I don't know the answer to all of this, I don't know whether I have managed to explain any of those thoughts I've been trying to express. What I know, though, is that I will enjoy my little work expedition to DC as much as i can :)
I hope you have a lovely rest of your Sunday!

1 comment:

  1. Oh, I hear you. This week, I'm also taking a "holiday", meaning that I'm taking a few days off to finally at least start decorating my flat, do some grading, finally go shopping (clothes! For myself! This hasn't happened since... a long time), etc.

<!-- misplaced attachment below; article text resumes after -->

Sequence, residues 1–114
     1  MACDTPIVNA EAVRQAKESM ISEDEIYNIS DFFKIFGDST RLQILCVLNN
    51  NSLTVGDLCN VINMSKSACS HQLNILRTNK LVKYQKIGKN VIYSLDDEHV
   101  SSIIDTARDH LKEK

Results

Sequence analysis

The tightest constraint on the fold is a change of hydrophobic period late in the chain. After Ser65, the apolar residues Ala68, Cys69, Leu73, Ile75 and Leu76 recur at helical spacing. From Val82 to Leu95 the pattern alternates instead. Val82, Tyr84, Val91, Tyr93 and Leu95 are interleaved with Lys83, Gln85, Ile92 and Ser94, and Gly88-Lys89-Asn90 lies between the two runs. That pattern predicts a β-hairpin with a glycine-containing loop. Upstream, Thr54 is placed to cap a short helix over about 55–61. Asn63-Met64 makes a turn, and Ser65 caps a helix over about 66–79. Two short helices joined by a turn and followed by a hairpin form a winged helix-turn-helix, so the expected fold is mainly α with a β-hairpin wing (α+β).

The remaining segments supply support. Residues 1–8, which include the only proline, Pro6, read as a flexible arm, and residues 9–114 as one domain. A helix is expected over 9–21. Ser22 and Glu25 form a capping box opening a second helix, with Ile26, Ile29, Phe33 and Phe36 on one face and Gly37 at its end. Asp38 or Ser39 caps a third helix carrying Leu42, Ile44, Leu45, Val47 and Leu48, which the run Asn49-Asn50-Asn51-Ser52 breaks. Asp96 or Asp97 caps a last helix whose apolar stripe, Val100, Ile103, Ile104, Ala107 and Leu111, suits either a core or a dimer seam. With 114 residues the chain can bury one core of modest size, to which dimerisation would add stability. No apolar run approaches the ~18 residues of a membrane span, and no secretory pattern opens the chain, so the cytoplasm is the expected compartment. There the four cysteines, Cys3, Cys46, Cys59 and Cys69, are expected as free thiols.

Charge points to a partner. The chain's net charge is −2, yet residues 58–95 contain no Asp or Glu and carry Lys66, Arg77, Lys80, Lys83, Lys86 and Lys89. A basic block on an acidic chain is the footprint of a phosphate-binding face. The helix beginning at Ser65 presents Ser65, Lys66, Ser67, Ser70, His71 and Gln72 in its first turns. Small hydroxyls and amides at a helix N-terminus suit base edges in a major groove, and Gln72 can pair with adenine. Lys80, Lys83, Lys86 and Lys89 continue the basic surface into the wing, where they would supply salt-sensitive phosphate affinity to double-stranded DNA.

This comes after a month with plenty of business trips, including to a different continent (OK, comes with the job... not complaining, but it's exhausting!), teaching on the weekends, plus "leisure" commitments like cooking for 30 people. I now have a recurring cold (got it the week before last, never recovered properly, and now it's back for a second round), and last night I went to sleep at 9:30. What the hell is wrong with us? I think you're on to something when you say that we identify too much with our jobs.